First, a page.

Dental X-Ray

Dental radiography was first performed on January 1896 by Otto Walkoff of Germany. However, it was on February of the same year when a physicist named Walter Konig was able to perform a more refined technique that produced a clearer dental image.

Dental x-rays provide images showing the condition of the patient’s teeth including the roots and hidden dental structures such as wisdom tooth. It is basically utilized to evaluate problems in the mouth like tooth decay, dental abscesses, broken tooth roots, condition of fillings, crowns, bridges and root canals. Moreover, it is also performed to plan orthodontic treatments.

Although dental x-rays utilize ionizing radiation, the dosage of radiation that the patient receives is relatively small compared to those from other medical procedures and environmental sources. It is the goal of dental radiography to obtain diagnostic information while keeping the radiation exposure to the patient at a minimum. Also, the use of high-speed films and lead apron to cover the patient can further decrease the amount of radiation. It is usually taken at the dental clinic, with the process completed in about 10 to 15 minutes. Oral structures attenuate xray photons differently depending on the anatomical density. That is, the denser the tissue, the whiter the image. Teeth appear white because of less x-ray penetration while dental caries and abscesses appear darker.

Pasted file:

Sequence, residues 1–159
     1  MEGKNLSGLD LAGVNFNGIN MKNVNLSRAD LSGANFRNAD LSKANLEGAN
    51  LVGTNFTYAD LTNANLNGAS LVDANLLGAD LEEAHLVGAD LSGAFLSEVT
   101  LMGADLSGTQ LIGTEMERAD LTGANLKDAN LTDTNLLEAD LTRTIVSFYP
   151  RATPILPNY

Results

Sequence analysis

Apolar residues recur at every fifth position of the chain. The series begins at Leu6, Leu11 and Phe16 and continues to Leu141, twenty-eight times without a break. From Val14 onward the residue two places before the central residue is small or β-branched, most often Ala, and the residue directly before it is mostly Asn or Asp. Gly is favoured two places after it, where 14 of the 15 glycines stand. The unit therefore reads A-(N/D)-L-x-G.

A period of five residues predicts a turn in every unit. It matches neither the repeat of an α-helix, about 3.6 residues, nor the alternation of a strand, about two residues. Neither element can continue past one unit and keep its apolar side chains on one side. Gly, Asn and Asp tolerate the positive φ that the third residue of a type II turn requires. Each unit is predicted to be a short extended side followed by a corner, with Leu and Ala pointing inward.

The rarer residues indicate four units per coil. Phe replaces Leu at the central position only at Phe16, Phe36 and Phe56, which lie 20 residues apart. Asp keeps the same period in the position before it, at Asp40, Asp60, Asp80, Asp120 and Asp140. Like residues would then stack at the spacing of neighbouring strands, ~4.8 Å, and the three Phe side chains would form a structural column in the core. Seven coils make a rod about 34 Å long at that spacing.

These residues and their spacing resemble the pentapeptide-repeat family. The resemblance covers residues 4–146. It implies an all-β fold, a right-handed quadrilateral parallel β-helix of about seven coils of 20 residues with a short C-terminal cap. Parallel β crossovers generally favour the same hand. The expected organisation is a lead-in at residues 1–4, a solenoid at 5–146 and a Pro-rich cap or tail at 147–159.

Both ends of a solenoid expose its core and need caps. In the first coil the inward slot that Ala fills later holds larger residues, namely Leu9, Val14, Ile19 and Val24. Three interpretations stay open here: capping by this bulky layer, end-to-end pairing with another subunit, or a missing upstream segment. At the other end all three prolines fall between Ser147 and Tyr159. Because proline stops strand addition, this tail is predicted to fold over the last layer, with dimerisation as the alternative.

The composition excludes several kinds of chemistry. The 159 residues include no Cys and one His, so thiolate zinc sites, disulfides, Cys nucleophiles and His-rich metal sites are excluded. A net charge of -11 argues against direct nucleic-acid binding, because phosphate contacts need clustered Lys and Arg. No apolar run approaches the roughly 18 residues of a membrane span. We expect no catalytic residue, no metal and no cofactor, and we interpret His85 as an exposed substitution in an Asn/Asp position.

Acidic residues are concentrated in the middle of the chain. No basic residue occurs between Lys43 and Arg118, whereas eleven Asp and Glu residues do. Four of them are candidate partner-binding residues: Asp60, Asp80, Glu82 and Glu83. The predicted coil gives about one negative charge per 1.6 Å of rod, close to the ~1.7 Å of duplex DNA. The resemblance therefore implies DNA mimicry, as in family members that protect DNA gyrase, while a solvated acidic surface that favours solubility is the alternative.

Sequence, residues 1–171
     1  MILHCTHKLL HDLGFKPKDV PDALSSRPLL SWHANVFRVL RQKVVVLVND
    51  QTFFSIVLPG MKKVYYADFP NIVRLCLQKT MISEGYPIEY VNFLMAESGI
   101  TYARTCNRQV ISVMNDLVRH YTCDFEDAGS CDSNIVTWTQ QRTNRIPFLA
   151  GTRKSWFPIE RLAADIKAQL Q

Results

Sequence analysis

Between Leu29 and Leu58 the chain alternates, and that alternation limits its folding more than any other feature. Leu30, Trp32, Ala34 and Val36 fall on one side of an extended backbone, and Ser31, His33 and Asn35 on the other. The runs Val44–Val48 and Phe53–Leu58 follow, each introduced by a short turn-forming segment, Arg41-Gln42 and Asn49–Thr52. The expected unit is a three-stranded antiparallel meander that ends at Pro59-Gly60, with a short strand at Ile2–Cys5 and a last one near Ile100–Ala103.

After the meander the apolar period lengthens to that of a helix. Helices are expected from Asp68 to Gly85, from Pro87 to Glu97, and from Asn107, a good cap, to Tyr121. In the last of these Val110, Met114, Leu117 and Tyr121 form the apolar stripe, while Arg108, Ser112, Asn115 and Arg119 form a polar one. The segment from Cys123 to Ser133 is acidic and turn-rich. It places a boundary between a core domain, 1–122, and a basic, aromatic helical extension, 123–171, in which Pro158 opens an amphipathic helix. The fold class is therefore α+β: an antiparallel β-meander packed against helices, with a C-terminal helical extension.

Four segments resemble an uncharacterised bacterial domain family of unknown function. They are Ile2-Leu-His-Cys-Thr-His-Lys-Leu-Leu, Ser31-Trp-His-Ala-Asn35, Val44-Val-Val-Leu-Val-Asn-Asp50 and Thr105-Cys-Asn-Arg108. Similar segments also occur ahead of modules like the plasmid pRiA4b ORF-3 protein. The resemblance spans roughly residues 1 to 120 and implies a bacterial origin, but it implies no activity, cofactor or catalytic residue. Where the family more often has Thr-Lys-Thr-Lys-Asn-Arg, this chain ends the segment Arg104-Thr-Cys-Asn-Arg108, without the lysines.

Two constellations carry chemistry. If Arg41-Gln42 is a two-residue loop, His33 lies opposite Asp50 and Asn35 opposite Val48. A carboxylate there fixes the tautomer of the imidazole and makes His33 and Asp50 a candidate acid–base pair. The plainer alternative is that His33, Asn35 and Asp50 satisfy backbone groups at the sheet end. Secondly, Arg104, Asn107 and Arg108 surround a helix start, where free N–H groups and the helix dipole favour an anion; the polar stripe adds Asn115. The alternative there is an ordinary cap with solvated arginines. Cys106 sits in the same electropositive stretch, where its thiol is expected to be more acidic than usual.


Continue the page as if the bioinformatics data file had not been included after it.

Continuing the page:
There are various views that can be performed which can be an intraoral or extraoral type. For intraoral views, these include the following:

Occlusal view
To evaluate the anatomy of the floor of the mouth and the palate

Bitewing view
To visualize the crowns of the posterior teeth and evaluate the height of the alveolar bone in relation to the cementoenamel junction

Periapical view
To evaluate both the anterior and posterior teeth including the tip of the roots

Full mouth series
This is a complete set of intraoral images composed of 18 films which include four (4) bitewings, eight (8) posterior periapicals and six (6) anterior periapical views

For the extraoral radiographic view, a panoramic film is obtained. This provides more extensive field of view that includes the mandible and the maxillary sinuses. However, it is not ideal for evaluation of tooth decay and bone loss.

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